Friday, January 4, 2013

Reaction on Philippine Reproductive Health Bill

By Jelly Musico

Senators who voted for the passage of Reproductive Health Bill say they respect the rights of anybody to question the legality of the newly-passed law, hoping the Supreme Court would act swiftly on the petition to stop its implementation.

"I hope the SC will act swiftly on this case to remove any shadow of doubt with respect to the law," Sen. Francis Escudero said.

Sen. Panfilo Lacson said the petition for certiorari and prohibition against Republic Act No. 10354 filed by lawyers James Imbong and his wife Lovely-Ann at the SC Wednesday shows that democracy in the country is alive and healthy.

"Once in a while, it is good to test the constitutionality of laws passed by congress. Providing the check and balance in whatever means is healthy for the country's democracy," Lacson said.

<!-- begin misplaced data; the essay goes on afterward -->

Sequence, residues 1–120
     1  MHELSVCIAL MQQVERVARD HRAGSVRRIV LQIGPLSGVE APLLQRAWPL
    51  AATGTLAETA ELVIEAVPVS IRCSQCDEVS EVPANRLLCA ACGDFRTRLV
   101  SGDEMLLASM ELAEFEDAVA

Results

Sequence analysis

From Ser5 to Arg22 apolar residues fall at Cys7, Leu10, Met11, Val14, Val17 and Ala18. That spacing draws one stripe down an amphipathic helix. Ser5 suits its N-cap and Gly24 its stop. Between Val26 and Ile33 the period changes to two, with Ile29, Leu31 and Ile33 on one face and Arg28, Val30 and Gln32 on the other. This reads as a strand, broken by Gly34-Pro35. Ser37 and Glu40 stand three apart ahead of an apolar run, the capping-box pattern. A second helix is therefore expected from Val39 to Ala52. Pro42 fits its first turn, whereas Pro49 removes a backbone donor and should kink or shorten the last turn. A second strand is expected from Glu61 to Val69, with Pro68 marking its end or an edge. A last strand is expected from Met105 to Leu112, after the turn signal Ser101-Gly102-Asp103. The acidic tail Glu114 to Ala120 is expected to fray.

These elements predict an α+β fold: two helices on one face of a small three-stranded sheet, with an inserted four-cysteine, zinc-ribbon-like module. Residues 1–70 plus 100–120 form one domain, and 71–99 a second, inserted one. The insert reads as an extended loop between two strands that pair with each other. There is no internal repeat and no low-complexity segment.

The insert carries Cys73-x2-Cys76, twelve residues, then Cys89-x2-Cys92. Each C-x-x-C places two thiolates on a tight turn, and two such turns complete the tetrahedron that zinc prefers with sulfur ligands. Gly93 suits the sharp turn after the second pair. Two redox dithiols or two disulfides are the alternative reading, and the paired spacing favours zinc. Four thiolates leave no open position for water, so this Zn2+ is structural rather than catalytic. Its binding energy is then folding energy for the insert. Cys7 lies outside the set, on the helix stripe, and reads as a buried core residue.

"I hope the SC as the final arbiter will see what is in the best interest of the country and people when they render a ruling on the filed petition," Lacson added.

The Imbongs, who filed the petition on behalf of their two children, asked the SC to stop the implementation of the law which they claimed "mocks the nation's Filipino culture."

Escudero said the petition "is the correct and legal course of action instead of other means that may have a destabilizing effect on our economy."

Escudero said the petition would hamper the implementation of the RH law "unless of course the SC issues a temporary restraining order."

Escudero and Lacson were among the 13 senators who voted for the passage of the RH bill in the Senate last December 17 after months of heated debates on the floor.

Senate Majority Leader Vicente Sotto III, one of the eight senators who opposed the bill, welcomed the petition, hoping "the SC will scrutinize it to decide the constitutionality."

"I still believe that RH is a foreign imposition as I have been saying all along and therefore cuts through our sovereignty," Sotto said.

"That's why even if my amendments were accepted, I still voted against it. I wonder what has happened to some of our so-called nationalists," Sotto added.

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